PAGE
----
• Get the work done. Does the work need a licenced contractor? If you’re not sure, consult a specialist who can provide you with appropriate guidance.
  • Keep your records up to date. If any work is done on asbestos, your records need updating and you need regular checks on the state of the asbestos.


Sarah Bradford, Editor-in-Chief, Pay & Benefits Adviser

4 Common Payroll Mistakes and How You Can Correct them

Mistakes happen and, when they do, it’s important to know how to correct them. Payroll is no exception. In the October issue of their Employer Bulletin publication, HMRC explained how to correct payroll mistakes made in an earlier tax year. The procedure for correcting mistakes changed from April 2019 and the approach that needs to be taken depends on the type of mistake and the year in which it was made.

Mistake 1. Reporting the Wrong Pay or Deductions

If the mistake relates to the current tax year, putting things right is straightforward. You simply need to update the figures next time you submit your regular Full Payment Submission (FPS).

However, if your mistake was in the 2022/23, 2021/22 or 2020/21 tax year, you will need to send another FPS to HMRC showing the correct year-to-date figures.

For mistakes in either the 2019/20 or 2018/19 tax year, you have a choice as to how you rectify the error – you can either send an Earlier Year Update (EYU) to HMRC or you can send a further FPS showing the correct year to date figures.

If you discover a mistake in the 2017/18 tax year, you will need to correct this by sending an EYU to HMRC showing the difference between the figures that you originally reported and the correct figures (so that when taken together the figures are correct). Mistakes can only be corrected using an EYU for tax years when you were reporting in real time information. If your payroll software package does not allow you to send an EYU, you can use HMRC’s free Basic PAYE Tools package to do so.

Different rules apply if the mistake was made in your final submission for the tax year.

Mistake 2. Wrong Pay or Deduction Date in Final FPS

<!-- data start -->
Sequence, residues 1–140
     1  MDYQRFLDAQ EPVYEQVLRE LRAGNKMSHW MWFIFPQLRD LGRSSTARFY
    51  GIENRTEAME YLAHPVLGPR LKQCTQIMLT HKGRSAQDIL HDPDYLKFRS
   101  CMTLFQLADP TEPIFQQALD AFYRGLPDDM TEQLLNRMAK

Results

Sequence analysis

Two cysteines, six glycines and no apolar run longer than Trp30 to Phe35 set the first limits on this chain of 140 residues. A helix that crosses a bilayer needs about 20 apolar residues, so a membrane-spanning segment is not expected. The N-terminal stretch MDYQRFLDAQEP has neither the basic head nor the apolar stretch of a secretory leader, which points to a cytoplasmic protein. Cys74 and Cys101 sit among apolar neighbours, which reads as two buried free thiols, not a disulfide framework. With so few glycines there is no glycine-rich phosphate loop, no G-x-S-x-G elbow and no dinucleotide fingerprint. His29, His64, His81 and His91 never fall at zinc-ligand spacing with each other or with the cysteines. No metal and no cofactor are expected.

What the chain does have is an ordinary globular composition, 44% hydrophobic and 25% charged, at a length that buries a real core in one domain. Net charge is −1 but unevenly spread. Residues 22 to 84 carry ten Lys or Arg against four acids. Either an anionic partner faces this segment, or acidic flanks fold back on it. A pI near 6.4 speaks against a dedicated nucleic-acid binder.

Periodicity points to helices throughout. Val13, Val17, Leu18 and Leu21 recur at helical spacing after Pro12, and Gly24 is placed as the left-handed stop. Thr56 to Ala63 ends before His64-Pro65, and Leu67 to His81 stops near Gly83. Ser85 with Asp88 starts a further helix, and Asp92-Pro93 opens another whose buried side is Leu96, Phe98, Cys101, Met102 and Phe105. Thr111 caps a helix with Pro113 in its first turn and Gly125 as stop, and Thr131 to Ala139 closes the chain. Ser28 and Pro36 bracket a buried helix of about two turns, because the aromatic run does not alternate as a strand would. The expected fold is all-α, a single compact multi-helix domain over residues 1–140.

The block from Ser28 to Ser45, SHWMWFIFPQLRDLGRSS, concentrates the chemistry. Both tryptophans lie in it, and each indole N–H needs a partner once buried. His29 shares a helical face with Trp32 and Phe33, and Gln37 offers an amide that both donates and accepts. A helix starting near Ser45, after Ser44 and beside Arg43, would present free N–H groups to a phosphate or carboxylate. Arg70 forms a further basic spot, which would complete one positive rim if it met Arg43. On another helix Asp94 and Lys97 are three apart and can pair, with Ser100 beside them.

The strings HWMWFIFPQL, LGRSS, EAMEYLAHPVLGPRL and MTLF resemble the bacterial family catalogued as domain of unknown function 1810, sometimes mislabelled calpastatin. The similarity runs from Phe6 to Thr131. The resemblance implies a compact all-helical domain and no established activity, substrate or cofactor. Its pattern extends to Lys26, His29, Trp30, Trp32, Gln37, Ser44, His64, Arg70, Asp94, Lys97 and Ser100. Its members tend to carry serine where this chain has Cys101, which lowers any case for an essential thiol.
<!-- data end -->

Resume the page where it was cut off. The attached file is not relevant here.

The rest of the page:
If the error relates to a mistake in the last FPS that you submitted for the tax year, the action that you need to take depends on when you discovered the mistake.

If you reported payments or deductions incorrectly and found the mistake before 19 April after the end of the tax year, you can send HMRC an additional FPS showing the correct year-to-date figures and ‘0’ in the ‘pay in this period’ field. If you do not find the error until after 19 April after the end of the tax year, you simply need to send in an additional FPS showing the correct year to date amounts.

Mistake 3. Wrong Payment Date in Final FPS

In the event that you find that you entered the payment date incorrectly in your final FPS submission for the tax year, you can correct the error by sending an additional FPS to HMRC showing the correct payment date. You should enter ‘0’ in the ‘pay in this period’ field and check that the year-to-date figures are correct.

Mistake 4. Incorrect Student Loan Deductions

As an employer, you are required to deduct student and postgraduate loan repayments from an employee’s pay and pay the deductions over to HMRC. If you find that you have deducted the wrong amount, the action that you need to take depends on whether the mistake was made in the current or a previous tax year.

If you have deducted too much in the current tax year, you can repay the excess to the employee. However, you should amend your payroll records so that the year-to-date figures are correct. If you have not deducted enough and you can collect the shortfall from the employee in the current tax year, you should do so. Again, you should amend your payroll records to show the actual deductions.

If the mistake relates to a previous tax year, you should not seek to correct it. Instead, you should advise your employee to contact the Student Loans Company.